The book made me yearn for those years in my early life when I could afford to be a little reckless.
Why I love it
O, The Oprah Magazine
Several months ago, I attended a luncheon in honor of Lauren Groff where she read from Fates and Furies with fiery enthusiasm, eyes blazing. You could tell that this new work of hers was a labor of love. It was magical.
Early readers are describing this novel as being about the long course of a marriage, and it is that, but what really resonated with me is its depiction of adolescence, of passion, of selfishness, of narcissism, of beauty, whether careless or studied. It made me nostalgic for youth, and a little melancholy about what happens when that glow starts to fade. And in a funny way, the book made me yearn for those years in my early life when I could afford to be a little reckless.
Lotto and Mathilde are the husband and wife at the story's center. Lotto is charmed and charming; Mathilde is a beautiful enigma. They are glamorous in the way Bogie and Bacall were, or F. Scott and Zelda Fitzgerald—individually they are alluring, but together their appeal is dazzling. But, as is often true with real people, their exteriors mask what's really going on in their heads—the insecurities, the loneliness, the fear of abandonment. Their love props them up and bolsters them throughout their lives, yes, but what Groff conveys so exquisitely is that even larger-than-life creatures like these, who seem to have it all, wind up alone with their spinning thoughts at the end of each day, just like the rest of us.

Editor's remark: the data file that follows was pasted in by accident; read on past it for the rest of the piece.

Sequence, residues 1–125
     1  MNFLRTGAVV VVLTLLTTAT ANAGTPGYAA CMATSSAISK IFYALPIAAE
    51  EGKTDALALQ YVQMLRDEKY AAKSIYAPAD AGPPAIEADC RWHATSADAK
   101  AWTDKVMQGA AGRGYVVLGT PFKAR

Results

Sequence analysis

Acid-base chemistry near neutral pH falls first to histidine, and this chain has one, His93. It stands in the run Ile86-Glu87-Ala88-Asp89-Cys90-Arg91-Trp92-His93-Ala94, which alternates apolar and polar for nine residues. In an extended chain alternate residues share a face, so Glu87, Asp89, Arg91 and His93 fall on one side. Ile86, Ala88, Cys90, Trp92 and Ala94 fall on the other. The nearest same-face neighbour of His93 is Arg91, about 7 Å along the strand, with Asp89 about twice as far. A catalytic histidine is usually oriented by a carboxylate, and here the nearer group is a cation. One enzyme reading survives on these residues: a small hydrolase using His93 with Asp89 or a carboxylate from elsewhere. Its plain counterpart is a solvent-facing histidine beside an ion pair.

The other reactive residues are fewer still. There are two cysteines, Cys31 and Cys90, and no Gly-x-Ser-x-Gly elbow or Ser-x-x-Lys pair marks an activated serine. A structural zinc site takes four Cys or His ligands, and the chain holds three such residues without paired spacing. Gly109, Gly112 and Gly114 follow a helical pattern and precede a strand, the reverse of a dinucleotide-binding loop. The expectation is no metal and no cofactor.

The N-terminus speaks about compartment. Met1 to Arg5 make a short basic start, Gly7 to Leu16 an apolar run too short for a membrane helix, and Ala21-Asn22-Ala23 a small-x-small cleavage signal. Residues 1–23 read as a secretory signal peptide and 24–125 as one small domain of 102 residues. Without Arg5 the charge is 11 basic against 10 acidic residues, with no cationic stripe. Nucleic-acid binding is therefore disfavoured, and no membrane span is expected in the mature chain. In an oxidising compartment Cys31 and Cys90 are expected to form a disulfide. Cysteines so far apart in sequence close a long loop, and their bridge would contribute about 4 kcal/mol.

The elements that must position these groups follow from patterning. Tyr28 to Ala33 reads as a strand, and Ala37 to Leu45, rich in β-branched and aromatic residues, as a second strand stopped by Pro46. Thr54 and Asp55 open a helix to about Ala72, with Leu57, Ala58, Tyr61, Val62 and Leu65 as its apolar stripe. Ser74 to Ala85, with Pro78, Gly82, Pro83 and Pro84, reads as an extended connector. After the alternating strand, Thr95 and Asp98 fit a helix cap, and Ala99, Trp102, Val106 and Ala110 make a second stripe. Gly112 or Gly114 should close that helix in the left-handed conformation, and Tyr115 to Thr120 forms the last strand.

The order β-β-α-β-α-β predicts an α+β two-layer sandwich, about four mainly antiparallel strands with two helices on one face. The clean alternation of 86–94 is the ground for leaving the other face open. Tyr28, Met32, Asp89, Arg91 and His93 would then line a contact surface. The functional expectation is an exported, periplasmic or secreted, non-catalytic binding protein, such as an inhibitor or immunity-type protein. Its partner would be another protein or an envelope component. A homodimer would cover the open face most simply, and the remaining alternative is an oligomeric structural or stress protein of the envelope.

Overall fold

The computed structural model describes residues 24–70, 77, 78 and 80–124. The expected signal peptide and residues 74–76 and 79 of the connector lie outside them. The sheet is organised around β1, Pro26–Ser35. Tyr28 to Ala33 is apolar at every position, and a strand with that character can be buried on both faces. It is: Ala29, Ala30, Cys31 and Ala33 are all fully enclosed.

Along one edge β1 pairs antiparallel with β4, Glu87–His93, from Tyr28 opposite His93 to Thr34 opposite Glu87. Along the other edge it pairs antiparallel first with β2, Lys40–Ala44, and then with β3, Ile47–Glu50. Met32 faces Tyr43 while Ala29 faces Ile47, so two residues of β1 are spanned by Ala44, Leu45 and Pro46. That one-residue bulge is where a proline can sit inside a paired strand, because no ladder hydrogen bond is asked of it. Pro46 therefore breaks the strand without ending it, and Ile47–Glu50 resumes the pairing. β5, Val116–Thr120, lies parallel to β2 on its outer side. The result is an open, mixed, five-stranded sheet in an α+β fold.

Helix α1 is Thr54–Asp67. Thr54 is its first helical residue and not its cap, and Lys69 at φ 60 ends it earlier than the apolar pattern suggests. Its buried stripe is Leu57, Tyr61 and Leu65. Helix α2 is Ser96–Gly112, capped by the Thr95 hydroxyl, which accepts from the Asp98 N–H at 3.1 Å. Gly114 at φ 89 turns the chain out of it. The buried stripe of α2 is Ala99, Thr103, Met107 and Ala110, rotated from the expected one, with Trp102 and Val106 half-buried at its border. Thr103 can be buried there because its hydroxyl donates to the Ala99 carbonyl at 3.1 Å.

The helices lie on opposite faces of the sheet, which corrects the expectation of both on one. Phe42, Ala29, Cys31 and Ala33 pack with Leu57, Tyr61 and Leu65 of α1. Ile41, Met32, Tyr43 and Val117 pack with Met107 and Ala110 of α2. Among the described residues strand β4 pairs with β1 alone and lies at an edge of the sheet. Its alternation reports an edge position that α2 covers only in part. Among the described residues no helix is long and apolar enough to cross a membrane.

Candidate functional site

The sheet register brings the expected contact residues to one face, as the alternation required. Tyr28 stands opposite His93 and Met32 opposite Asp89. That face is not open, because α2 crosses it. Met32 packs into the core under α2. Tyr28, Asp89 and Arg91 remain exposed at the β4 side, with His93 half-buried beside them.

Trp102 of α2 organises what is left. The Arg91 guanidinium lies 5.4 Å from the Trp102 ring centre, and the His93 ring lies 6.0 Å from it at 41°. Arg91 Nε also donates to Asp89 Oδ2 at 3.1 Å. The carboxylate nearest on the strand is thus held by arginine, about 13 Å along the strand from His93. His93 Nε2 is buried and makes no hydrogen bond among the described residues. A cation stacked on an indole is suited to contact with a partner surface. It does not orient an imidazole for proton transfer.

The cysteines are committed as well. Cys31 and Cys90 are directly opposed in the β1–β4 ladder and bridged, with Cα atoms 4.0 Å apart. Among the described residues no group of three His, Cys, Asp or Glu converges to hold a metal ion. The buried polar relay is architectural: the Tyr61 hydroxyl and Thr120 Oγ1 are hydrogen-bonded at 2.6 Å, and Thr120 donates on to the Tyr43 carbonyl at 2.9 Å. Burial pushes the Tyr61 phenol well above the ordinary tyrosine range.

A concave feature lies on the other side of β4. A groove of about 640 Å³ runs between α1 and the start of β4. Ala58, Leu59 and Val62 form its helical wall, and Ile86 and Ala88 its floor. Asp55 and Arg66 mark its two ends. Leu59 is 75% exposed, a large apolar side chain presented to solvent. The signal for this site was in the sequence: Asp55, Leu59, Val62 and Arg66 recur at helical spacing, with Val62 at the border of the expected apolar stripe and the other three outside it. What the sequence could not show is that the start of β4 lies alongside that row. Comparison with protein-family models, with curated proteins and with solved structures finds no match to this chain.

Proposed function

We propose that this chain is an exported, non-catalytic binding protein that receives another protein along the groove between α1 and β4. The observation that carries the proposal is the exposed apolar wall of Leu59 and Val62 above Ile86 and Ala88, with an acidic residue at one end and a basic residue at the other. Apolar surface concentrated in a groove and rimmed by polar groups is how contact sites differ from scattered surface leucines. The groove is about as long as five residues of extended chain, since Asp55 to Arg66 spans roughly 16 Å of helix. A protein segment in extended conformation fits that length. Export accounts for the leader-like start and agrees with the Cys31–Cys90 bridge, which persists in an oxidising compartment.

As many references as this novel contains to Shakespeare, to Greek mythology, to playwrights obscure and well-known, it is not a cerebral book. It's a book that leads with its heart, and with a playful and exuberant language that is wholly the author's own. And there's also a little hint of Gone Girl in this book—secrets that the spouses keep from one another, and—spoiler alert—the narrator isn't always reliable.
If you are in the mood for something delicious, transporting, and a little self-indulgent, treat yourself to this exquisite novel.